It’s not noticeable on web pages in Chrome, and that suggests it may be a software issue that’s fixable in an update, rather than a problem with the hardware itself, but it would be remiss not to mention it as the effect is a bit distracting at the time of writing this review.
Xiaomi Redmi Note 11 review: Performance
So far, things have been rather good, but it’s all about to take a hit. While the Redmi Note 11 feels perfectly snappy while browsing and multitasking, the benchmarks painted a curiously mixed picture of the Qualcomm Snapdragon 680’s capabilities.
That doesn’t look too bad, but I have to flag that the above scores were achieved at the third attempt. The first two times we ran the test, the Redmi Note 11 scored 958 and 1,037 respectively. The only thing that made us try it an unprecedented third time was that the crowdsourced Geekbench listings showed people managing higher scores, though not consistently.
Even then, single-core scores remain disappointing, not just compared to the Pro version, but all three ~£200 handsets and even the £170 Realme 7.
Things get worse when you get to 3D testing. I’m not really sure this needs all that much commentary: it has around half the performance of every other handset in our list, and suffice to say the difference between 41fps and 22fps in a game is very noticeable.
It’s not really clear why it’s performing so inconsistently with Geekbench and poorly in GFXBench. Perhaps there are software tweaks that can be done to unlock the phone’s full potential? Ultimately, we can’t judge it on what might be and have to take things at face value, and the bottom line is that you can – and should – get better elsewhere.
Fortunately, things are better in terms of battery life, with the 5,000mAh cell going the distance and eclipsing every other phone in our test other than the freak-of-nature endurance of the Moto G50, which somehow managed an extra five hours.
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Xiaomi Redmi Note 11 review: Camera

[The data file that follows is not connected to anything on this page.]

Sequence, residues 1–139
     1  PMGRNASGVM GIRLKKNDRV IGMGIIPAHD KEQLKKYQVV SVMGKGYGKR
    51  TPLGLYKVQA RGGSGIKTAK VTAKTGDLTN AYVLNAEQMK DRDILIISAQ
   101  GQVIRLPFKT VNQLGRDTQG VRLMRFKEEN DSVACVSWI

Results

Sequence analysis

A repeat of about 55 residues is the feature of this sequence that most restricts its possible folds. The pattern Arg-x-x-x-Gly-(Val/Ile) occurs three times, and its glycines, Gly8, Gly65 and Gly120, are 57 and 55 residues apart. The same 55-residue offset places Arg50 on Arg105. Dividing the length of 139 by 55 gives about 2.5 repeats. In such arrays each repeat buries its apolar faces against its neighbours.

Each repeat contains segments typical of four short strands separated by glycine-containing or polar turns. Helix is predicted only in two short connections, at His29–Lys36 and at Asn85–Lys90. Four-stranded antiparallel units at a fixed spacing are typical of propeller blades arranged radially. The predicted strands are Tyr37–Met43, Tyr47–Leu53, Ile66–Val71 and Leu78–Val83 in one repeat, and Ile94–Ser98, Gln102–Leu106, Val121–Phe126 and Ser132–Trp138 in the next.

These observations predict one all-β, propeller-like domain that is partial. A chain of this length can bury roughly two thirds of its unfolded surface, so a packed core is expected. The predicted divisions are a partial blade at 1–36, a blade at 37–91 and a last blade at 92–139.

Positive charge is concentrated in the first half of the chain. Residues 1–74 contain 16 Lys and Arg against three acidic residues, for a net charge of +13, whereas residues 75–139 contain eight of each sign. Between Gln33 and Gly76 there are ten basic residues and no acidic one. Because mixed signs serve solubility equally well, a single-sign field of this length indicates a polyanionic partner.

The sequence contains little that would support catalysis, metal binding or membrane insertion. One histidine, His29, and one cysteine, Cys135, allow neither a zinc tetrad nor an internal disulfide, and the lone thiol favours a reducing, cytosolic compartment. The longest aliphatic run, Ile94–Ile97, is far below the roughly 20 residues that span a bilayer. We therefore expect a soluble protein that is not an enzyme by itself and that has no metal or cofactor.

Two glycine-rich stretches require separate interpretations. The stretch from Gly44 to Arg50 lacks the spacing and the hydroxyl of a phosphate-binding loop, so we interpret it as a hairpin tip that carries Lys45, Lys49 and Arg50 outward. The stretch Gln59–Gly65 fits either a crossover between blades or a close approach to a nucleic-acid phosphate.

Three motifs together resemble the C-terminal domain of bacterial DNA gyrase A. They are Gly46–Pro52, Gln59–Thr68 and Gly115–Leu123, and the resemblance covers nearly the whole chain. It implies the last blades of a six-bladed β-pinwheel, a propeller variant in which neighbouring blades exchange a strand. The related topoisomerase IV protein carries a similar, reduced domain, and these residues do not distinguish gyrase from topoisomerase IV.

Impressively – or overambitiously, depending on your point of view – the Xiaomi Redmi Note 11 includes no fewer than four cameras on the back. These comprise a 50MP (f/1.8) main camera, supported by an 8MP (f/2.2) ultrawide lens and two 2MP (f/2.4) sensors: one for macro photography and the other for depth.
On paper that all sounds very good, but the proof is in the pudding and – to push the analogy to breaking point – this pudding is distinctly underdone. Or rather, undersaturated. As you can see from the picture below, taken on a not particularly bright day, everything looks a bit paler and more washed-out than it should.
Zooming in shows the detail is there, but when compared to the Nokia G50 – itself not the most inspiring budget camera and prone to the opposite problem of oversaturation – it still narrowly misses out. The Nokia captures that bit more detail on the brickwork and around the windows.
This is how the Redmi Note 11 coped with a shot of my garden at sunset. As you’d expect, some detail is lost, but it’s not a bad effort considering the dwindling light it has to work with.
But again, the Nokia G50 has a very slight edge with a touch more detail (look at the triangular light to the right of the plant), and the increased contrast makes for an overall more pleasing shot.
The other lenses are perfectly adequate, but it does feel like Xiaomi has picked quantity over quality, and that’s a shame. A macro lens is nice, but it’s something you use once or twice for novelty reasons and then forget about. Ditto the depth sensor, so it would be nice if Xiaomi did one or two cameras really well, rather than providing four so-so sensors.
The undersaturation problem is present on selfies taken by the Redmi Note 11’s 13MP (f/2.4) front-facing camera too. I assure you I’m not pale in real life, and the closest representation is the picture on the left with all beauty features turned off. The middle one is the default setting, and the one on the right is the result of turning beauty all the way up (so much for being in the eye of the beholder – sorry about the nightmares.)
If you want to record video, you have two options: 720p or 1080p, both capped at 30fps. It’s fine for the budget price of entry, but certainly not for budding filmmakers with its grainy makeup and lack of stability.
Xiaomi Redmi Note 11 review: Verdict
This has very much been a review of two halves: on the one hand, the Xiaomi Redmi Note 11’s design and screen are truly top-notch and a great example of how you make a phone on a budget. But its performance is inconsistent in benchmarks and it offers underwhelming 3D gaming potential compared to its rivals. Its cameras are okay, but you can do better for the money.
So, what should you get instead? Well, the obvious answer is to go Pro: the Xiaomi Redmi Note 11 Pro 5G is only around £40 more, and is simply better in every way. If you really can’t spend a penny over £200, then my pick would be either Xiaomi’s own Poco X3 NFC or, if you really want 5G, then the Motorola Moto G50.